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Copyright © 2010 Pearson Education, Inc. Lectures prepared by Christine L. Case Chapter 27 Environmental Microbiology.

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Presentation on theme: "Copyright © 2010 Pearson Education, Inc. Lectures prepared by Christine L. Case Chapter 27 Environmental Microbiology."— Presentation transcript:

1 Copyright © 2010 Pearson Education, Inc. Lectures prepared by Christine L. Case Chapter 27 Environmental Microbiology

2 Copyright © 2010 Pearson Education, Inc. Q&A  What do these microorganisms have to do with the cultivation of rice in Asia?

3 Copyright © 2010 Pearson Education, Inc. Learning Objectives Microbial Diversity and Habitats 27-1Define extremophile, and identify two “extreme” habitats. 27-2Define symbiosis. 27-3Define mycorrhiza, differentiate endomycorrhizae from ectomycorrhizae, and give an example of each.

4 Copyright © 2010 Pearson Education, Inc. Microbial Diversity and Habitats  Microbes live in a variety of habitats because of their abilities to  Use a variety of carbon and energy sources  Grow under different physical conditions  Extremophiles live in extreme  pH  Temperature  Salinity

5 Copyright © 2010 Pearson Education, Inc. Symbiosis  Two differing organisms living together in close association that is beneficial to one or both of them  Examples of animal-microbe symbiosis:  Ruminants (such as sheeps and cows) and the bacteria in the rumen  Mycorrhizae contribute to plant growth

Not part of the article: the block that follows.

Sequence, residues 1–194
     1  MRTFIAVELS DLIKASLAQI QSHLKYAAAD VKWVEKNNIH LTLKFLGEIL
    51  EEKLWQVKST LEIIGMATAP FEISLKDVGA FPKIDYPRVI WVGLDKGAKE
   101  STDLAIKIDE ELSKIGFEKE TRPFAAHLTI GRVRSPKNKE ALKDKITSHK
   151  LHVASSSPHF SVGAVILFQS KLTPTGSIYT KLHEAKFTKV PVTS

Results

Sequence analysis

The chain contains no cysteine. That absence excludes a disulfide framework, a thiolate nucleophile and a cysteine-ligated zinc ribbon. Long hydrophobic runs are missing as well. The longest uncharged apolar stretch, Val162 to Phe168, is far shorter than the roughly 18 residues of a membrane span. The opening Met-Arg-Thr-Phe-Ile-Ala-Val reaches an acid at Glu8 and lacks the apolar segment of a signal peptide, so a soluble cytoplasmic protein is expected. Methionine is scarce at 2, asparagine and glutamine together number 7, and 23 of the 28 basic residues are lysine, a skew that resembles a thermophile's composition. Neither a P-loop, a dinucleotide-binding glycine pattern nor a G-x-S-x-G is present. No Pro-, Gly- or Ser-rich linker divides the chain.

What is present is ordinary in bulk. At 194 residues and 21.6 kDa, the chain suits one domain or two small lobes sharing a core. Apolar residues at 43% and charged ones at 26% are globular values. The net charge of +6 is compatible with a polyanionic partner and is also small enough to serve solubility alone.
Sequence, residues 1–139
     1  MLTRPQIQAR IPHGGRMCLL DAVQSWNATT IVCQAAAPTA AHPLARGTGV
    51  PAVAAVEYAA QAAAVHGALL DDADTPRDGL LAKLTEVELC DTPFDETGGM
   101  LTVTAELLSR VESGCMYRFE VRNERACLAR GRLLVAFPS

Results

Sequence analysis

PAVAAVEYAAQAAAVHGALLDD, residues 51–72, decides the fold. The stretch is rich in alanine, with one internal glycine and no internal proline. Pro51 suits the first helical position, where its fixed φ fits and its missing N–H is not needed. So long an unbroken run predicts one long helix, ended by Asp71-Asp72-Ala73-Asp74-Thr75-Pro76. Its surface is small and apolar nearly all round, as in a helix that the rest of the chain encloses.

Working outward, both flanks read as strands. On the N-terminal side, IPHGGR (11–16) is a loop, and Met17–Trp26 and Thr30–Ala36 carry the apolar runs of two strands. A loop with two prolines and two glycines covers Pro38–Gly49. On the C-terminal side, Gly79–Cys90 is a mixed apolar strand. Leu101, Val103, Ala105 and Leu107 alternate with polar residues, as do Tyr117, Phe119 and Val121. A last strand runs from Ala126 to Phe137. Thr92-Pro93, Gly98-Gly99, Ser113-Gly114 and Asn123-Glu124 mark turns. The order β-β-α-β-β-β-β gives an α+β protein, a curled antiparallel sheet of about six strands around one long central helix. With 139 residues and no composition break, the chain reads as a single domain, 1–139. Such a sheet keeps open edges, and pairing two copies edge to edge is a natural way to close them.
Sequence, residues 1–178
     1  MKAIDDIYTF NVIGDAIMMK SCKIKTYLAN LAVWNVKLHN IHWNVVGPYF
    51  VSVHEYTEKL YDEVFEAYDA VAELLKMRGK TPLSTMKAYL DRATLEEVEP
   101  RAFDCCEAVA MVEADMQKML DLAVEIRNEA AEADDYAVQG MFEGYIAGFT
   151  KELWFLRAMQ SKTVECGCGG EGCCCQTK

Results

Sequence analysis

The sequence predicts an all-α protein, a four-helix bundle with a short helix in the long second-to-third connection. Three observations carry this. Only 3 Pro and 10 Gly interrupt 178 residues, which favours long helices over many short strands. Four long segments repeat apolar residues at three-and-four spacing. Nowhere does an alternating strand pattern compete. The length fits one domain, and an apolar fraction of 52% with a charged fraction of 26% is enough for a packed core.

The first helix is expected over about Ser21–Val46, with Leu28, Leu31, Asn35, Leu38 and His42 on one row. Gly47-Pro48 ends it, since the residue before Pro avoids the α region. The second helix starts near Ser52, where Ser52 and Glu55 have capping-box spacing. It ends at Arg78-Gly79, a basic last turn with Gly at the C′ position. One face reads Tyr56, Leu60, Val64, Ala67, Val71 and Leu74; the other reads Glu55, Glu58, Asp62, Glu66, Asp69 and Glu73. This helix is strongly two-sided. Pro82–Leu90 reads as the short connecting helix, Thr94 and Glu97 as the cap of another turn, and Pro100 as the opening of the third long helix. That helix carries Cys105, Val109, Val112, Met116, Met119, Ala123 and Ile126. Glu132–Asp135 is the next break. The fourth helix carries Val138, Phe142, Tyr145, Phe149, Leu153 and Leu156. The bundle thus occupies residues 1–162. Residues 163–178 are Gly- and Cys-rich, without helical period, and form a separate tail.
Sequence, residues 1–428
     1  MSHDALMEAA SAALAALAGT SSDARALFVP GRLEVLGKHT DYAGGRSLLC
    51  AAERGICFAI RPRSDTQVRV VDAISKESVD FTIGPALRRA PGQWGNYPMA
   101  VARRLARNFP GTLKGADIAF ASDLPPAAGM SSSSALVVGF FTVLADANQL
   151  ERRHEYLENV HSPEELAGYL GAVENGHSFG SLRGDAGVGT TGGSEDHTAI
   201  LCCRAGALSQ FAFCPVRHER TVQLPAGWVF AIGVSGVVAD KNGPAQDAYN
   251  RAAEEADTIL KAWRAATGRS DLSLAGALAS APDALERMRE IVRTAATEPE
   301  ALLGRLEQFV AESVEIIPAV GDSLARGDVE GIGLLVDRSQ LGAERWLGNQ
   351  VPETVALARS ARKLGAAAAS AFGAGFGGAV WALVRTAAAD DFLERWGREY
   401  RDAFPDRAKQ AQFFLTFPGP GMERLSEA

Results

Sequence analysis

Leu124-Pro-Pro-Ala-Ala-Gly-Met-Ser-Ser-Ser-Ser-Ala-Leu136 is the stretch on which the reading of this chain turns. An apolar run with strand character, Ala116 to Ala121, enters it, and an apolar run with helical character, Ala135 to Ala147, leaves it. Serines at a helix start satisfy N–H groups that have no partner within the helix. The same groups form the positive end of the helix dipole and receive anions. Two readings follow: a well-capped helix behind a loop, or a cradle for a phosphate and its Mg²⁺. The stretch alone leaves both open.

6 Copyright © 2010 Pearson Education, Inc. Figure 27.1 Mycorrhizae  Fungi living in close association with plant roots  Extend surface area of roots

7 Copyright © 2010 Pearson Education, Inc. Figure 27.2 Commercial Uses of Mycorrhizae

8 Copyright © 2010 Pearson Education, Inc. Check Your Understanding Can you identify two extreme habitats for extremophile organisms? 27-1 What is the definition of symbiosis? 27-2 Is a truffle an example of an endomycorrhiza or an ectomycorrhiza? 27-3

9 Copyright © 2010 Pearson Education, Inc. Learning Objectives Soil Microbiology & Biogeochemical Cycles 27-4Define biogeochemical cycle. 27-5Outline the carbon cycle, and explain the roles of microoganisms in this cycle. 27-6Outline the nitrogen cycle, and explain the roles of microorganisms in this cycle. 27-7Define ammonification, nitrification, denitrification, and nitrogen fixation. 27-8Outline the sulfur cycle, and explain the roles of microorganisms in this cycle.

10 Copyright © 2010 Pearson Education, Inc. Learning Objectives 27-9Describe how the ecological community can exist without light energy Compare and contrast the carbon cycle and the phosphorus cycle Give two examples of the use of bacteria to remove pollutants Define bioremediation. Soil Microbiology & Biogeochemical Cycles